Joncarmen (JC) Mergenthaler led a works-in-progress seminar about his current investigation into consent and recruitment within intracranial electrophysiology studies, which require utilization of patients with preexisting cause for neurosurgical treatment, such as epilepsy or Parkinson’s disease. Adding research to clinically-indicated neurosurgery introduces an array of ethical concerns, from increased time on the operating table to conflict of interest to therapeutic misconception. JC presented preliminary findings from 11 of 26 semi-structured interviews with members of neurophysiology research teams, and our group discussed common themes, including standardization, consent processes, unique risks, and vulnerability.
The initial evidence reveals diversity in who introduces the study to the patient, who obtains consent, and when consent is obtained. We weighed the benefits and detriments of having a neurosurgeon act as the consenting team member; for instance, the advantage of providing expert knowledge to patients versus the risk of conflating clinical treatment with research practice. We also explored possible explanations for the widespread perception among PIs that their research protocol aligns with that of similar studies despite inter-study inconsistencies revealed by the data. When discussing efforts to prevent enrollment of “desperate” or misinformed patients, we questioned the methods by which these studies assess patients’ capacity to consent and comprehension of research-specific risks. We contemplated the use of third-party consent monitors as well as the limits of online survey tools for evaluating capacity.
In a journal club facilitated by Tobias Häusermann, we discussed concerns within the neuroethics community that patients undergoing deep brain simulation (DBS) could experience changes in personality, identity, agency, authenticity, autonomy, and self. Using Frederic Gilbert et al., “Deflating the ‘DBS Causes Personality Changes’ Bubble” as a starting point for our conversation, we explored the apparent disconnect between theoretical neuroethics and clinical experience, as demonstrated by the scarcity of robust empirical evidence for such changes in over 1500 papers. However, we also considered the risk of misinterpretation as a consequence of generalizing over these studies, which address different aspects and applications of DBS.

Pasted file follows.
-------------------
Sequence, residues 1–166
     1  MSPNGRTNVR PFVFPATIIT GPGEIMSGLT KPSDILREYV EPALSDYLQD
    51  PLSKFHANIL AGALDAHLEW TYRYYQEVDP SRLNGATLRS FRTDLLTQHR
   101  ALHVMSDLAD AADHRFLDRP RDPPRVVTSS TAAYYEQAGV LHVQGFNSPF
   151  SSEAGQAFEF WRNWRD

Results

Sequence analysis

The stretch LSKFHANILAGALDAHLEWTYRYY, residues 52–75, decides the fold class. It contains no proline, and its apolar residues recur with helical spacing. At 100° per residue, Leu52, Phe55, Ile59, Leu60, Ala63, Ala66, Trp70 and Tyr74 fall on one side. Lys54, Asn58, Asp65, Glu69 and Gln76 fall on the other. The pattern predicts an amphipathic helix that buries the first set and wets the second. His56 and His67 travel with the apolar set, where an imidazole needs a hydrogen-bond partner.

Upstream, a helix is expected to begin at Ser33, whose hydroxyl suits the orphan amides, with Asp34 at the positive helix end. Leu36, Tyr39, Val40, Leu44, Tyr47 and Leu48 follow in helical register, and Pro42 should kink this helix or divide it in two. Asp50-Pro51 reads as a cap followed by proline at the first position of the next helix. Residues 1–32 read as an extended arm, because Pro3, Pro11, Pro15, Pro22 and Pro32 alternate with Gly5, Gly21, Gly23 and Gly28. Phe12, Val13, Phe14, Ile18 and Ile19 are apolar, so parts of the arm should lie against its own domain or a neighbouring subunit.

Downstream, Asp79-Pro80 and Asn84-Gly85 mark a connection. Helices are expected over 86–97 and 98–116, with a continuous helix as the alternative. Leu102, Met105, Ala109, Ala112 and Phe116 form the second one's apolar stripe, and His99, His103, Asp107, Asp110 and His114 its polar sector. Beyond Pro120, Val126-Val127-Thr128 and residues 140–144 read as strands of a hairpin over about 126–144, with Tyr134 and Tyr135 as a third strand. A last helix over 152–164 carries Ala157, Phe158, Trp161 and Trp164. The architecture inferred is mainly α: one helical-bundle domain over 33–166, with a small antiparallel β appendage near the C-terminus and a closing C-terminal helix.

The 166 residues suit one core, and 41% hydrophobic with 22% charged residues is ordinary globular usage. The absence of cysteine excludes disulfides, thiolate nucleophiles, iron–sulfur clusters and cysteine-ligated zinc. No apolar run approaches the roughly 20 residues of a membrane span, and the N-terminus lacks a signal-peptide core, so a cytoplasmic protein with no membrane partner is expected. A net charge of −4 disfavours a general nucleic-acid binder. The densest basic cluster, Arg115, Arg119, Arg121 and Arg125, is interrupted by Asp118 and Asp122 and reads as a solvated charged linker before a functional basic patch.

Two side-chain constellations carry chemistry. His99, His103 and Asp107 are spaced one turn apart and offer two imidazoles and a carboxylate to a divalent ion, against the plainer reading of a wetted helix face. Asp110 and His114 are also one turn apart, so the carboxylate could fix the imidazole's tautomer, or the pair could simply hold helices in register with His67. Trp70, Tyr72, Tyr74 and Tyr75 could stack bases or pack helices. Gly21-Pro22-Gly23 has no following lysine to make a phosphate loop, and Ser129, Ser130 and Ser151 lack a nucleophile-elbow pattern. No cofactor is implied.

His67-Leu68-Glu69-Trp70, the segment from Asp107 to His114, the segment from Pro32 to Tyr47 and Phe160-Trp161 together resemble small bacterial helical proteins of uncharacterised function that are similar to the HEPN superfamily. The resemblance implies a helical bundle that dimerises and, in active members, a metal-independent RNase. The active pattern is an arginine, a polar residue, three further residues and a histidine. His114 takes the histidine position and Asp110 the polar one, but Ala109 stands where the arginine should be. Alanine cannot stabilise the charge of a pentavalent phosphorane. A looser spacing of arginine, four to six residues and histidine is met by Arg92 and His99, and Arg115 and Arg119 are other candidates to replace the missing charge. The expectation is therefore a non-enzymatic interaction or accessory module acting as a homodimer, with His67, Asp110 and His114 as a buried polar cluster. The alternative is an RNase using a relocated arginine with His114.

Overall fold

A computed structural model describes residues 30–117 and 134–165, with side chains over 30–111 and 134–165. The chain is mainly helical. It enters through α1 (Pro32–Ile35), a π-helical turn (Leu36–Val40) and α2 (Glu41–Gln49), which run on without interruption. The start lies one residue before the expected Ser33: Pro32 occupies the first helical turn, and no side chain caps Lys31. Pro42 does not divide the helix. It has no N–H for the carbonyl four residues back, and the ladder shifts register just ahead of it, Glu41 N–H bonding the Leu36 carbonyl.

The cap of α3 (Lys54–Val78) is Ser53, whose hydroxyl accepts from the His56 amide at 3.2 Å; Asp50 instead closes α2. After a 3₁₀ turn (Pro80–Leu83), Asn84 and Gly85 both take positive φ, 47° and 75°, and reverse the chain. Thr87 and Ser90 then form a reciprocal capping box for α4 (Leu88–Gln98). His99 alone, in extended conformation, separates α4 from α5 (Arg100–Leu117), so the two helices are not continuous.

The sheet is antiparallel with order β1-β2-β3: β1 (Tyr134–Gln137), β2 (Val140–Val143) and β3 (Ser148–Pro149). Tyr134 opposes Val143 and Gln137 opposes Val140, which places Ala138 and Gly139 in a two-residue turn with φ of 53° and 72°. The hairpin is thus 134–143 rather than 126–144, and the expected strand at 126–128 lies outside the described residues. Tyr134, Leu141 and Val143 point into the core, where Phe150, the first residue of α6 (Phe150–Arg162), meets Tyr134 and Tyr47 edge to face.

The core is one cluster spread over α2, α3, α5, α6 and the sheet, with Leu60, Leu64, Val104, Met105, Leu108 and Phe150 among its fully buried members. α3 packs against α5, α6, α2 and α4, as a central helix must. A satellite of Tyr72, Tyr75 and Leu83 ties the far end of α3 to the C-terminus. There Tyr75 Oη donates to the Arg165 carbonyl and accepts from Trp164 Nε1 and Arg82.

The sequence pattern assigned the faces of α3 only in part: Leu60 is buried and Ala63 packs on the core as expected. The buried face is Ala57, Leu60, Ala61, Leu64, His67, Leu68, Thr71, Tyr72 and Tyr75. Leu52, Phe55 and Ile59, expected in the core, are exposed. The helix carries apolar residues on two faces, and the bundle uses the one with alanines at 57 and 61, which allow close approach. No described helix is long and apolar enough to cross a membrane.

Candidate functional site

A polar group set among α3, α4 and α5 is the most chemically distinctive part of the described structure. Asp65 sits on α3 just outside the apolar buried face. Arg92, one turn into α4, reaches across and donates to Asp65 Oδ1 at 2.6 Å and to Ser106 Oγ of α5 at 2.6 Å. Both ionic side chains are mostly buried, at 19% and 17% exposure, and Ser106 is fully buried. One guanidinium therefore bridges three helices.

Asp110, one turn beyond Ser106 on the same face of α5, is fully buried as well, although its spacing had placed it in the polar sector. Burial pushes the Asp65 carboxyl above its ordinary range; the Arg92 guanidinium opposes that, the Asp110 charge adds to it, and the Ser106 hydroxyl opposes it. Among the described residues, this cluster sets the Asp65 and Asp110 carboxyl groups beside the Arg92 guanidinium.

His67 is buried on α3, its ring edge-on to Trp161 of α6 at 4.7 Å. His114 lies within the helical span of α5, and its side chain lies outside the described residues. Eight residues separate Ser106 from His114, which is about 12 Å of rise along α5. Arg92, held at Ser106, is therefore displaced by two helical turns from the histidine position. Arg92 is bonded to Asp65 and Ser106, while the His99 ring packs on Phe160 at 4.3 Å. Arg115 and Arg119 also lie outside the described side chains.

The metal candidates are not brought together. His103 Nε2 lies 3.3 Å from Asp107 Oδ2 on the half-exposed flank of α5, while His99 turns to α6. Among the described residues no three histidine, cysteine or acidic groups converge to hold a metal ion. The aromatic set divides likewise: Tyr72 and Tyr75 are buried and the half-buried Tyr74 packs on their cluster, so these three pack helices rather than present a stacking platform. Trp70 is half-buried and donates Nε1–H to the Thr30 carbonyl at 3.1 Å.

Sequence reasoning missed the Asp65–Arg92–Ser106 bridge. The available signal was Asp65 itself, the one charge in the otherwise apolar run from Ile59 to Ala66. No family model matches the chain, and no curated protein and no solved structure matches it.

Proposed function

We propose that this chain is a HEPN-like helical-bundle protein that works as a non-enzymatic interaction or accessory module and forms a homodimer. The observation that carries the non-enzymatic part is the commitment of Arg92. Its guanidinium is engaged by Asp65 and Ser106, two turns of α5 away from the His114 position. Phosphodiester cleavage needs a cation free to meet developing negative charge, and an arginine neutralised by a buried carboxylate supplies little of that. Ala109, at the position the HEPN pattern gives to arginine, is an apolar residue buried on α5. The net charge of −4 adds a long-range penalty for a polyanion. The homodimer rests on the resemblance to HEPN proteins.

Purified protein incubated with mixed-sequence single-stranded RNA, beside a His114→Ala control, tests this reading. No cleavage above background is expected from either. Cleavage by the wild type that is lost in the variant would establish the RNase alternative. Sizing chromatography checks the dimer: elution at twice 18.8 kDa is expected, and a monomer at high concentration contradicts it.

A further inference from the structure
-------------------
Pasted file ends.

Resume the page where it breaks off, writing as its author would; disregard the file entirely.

Our interdisciplinary discussion was informed by a few special guests, including Agnieszka Jaworska from the UC Riverside Department of Philosophy and Jill Ostrem from the UCSF Movement Disorders and Neuromodulation Center. We discussed current treatment outcomes for patients with Parkinson’s disease, the potential for DBS as a treatment in psychiatric disorders, and the argument that specific brain targets warrant different levels of ethical concern. We noted the striking difference in public response to DBS compared to other therapeutic technologies, like cardiac pacemakers, and questioned whether low adoption of DBS stems from its actual clinical effects or its symbolic significance. With input from the social sciences, we considered how marketing and shifting cultural metaphors may influence public perception of DBS. Reviewing challenges previously encountered in tracking behavioral changes in neurodegenerative diseases such as bvFTD and ALS, we also considered that the question of what personality changes may be attributable to DBS will only become more difficult and more urgent with future envisioned applications.
September 10, 2018 - Experimentation in human brain model systems (Galen Dods)
August 27, 2018 - Position paper on dementia care ethics (Winston Chiong)
July 9, 2018 - Using genetic ancestry sites for criminal investigations (Jalayne Arias, Joanne Taylor, Jen Yokoyama & Jamie Fong)
June 25, 2018 - Capacity to marry and to consent to sex in dementia (Joanna Hellmuth & Mahnoor Allawala)
June 11, 2018 - Professionalized intimacy – care in the dementia village (Tobias Häusermann)
May 14, 2018 - Opioids in elder populations (Monroe Butler)
April 16, 2018 - Patient and caregiver perspectives on physician assisted death in ALS (Catherine Lomen-Hoerth)
April 2, 2018 - FAA regulations and preclinical Alzheimer’s biomarkers (Matt Lawrence)
March 25, 2018 - California End of Life Option Act working meeting
March 12, 2018 - Brain death and the Jahi McMath case (Sharon Kaufman)
February 12, 2018 - Cognitive testing and political leaders (Jalayne Arias)
January 25, 2018 - Palliative medicine (Krista Harrison)
January 11, 2018 - Ethical issues in the management of patients with dementia (Winston Chiong)